3. Repeat with the other package of halved ladyfingers, rum and remaining filling. Smooth. Wrap tightly with plastic, then foil.

4. Chill overnight. To unmold, run knife around inside edge of pan. Release pan sides; sprinkle with amaretti cookies.

Pumpkin Spice Cream Cheese

Wednesday, October 20, 2010
I made this in less than five minutes. And it was the best cream cheese I've ever had. I had 10 minutes before my bus came in the morning, and I had bagel flats and no cream cheese. I had a piece of a block, but I wouldn't have liked plain cream cheese, yuck. But, there was some pumpkin puree lingering in my fridge. And an idea sparked. I've always eyed up this recipe over at Pinch My Salt, and I just had to make it. So at top speed I whipped this up before my bus came.

The spices were fabulous. I've had pumpkin cream cheese before at Brueggers, but this homemade version was so much better! It really is the spices because I could hardly taste it in Brueggers version. The consistency for me was pretty runny; not like water, but not a spreadable type thing either. This didn't make me love it any less though!

My only complaint: I needed more! I will definitely make this again soon. I could attribute there not being enough to the fact that a use three times the suggested serving size for a bagel. But you can you blame me?!?! Well, you won't once you try this for yourself. Get to it!

Pumpkin Spice Cream Cheese

Pinch My Salt

4 oz. cream cheese, softened
3 tablespoons brown sugar
2 tablespoons pure maple syrup
1/4 cup canned pumpkin
1/2 teaspoon pumpkin pie spice
1/4 teaspoon cinnamon
1/4 teaspoon vanilla extract

1. In a small bowl, beat softened cream cheese, sugar, and syrup til creamy.
2. Add pumpkin, spices and vanilla and beat til smooth.
3. Refrigerate for at least an hour.
4. Enjoy!

Pumpkin Soup

Tuesday, October 19, 2010

As much as I love endlessly searching for recipes on blogs across the internet, I always feel slightly guilty. I worry about food magazines and cookbooks feelings. Do they get jealous?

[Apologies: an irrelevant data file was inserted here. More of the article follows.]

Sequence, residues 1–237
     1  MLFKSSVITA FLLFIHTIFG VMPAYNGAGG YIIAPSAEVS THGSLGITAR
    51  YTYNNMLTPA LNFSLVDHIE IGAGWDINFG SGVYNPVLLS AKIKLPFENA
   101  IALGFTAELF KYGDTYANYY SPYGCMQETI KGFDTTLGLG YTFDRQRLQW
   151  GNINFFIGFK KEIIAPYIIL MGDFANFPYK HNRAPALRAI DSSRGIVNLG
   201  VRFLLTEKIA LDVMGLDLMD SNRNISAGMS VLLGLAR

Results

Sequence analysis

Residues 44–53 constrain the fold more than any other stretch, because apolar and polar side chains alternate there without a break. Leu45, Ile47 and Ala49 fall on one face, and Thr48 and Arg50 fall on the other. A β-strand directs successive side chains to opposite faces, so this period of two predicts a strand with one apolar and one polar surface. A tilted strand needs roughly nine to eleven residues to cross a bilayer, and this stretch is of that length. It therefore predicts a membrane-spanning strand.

I mean I wouldn't say the are obsolete, but with the blog world out there to give instant feedback about a recipe and include pictures that show a real result, it's hard not to go there first for a recipe. It's a sad situation.

When my mom and I are at the grocery store, we don't mind getting stuck behind a line of people when checking out. Why? We get to read food magazines. Duhh. Rachael Ray, Fine Cooking, Taste of Home, Bon Appetit, and all the greats. Every once in a while, there's one magazine that really sticks out to us and we just have
to get it. This past time: Fine Cooking. There were some great desserts and main dishes and we said we would force ourselves to make them!

One recipe I knew I wanted to try was the pumpkin soup. I make so many sweet pumpkin recipes that I need to balance them out a bit with some savory ones. If I only stuck to desserts, I would be disrespecting pumpkin. I mean, pumpkin has so many diverse uses that I have to give them all a chance! Yes. I love pumpkin that much.

This recipe was super easy. Piece-o-cake. I really enjoyed the end result. Warm nummy (yummy) pumpkin soup is just perfect for a cold Fall day. It was suggested to make homemade croutons with it, and I had every intention to. But, I enjoyed the ciabatta bread as is, so I just ate it plain hehe. My mom was slightly sad since she wanted to try the croutons, but maybe another time.

Pumpkin Soup

from Fine Cooking Magazine

2 Tbs. unsalted butter

1 medium yellow onion, sliced

6 cups 1-inch-diced peeled, seeded pumpkin

2 medium cloves garlic, sliced

1/2 cup dry white wine

8 medium fresh sage leaves

4 to 6 cups lower-salt chicken broth

1/4 cup packed grated Gruyère

Kosher salt and freshly ground black pepper

Melt the butter in a heavy-duty 4- to 5-quart pot over medium heat. Add the onion and cook, stirring occasionally, until tender, 6 to 8 minutes. Stir in the pumpkin and garlic and cook, stirring, 1 minute more. Add the wine and the sage leaves and cook, stirring, until the wine evaporates, about 5 minutes. Stir in 4 cups of broth, cover, and simmer, adjusting the heat as needed, until the pumpkin is very tender, about 25 minutes.

Add 1/4 cup of the Gruyère and using a handheld or standard blender, purée the soup (in batches, if necessary). Season to taste with salt and pepper.

Return to a gentle simmer, stirring constantly and adding more broth as necessary to achieve a thin soup with the consistency of heavy cream.

Pumpkin Mascarpone Cheesecake

Monday, October 18, 2010
We're on day two of Pumpkin Week, and there's no signs of slowing down! This was as indulgent as it sounds. I still had some leftover mascarpone in my fridge, and you just can't let that go to waste! Back when I made this, it had been forever since I'd baked something. I knew I had to come back with a bang, and this is what came of it.

This cheesecake was incredible! It was silky and similar to a pumpkin pie, but with the whole cheesecake component. I decided for the crust to use crushed up gingersnaps, and I really think it made a difference In a good way! The recipe gives no sugge
stion for a topping besides powdered sugar, so I made one up! I just whipped up some homemade whipped cream and then sprinkled cinnamon over top. That was just what it needed.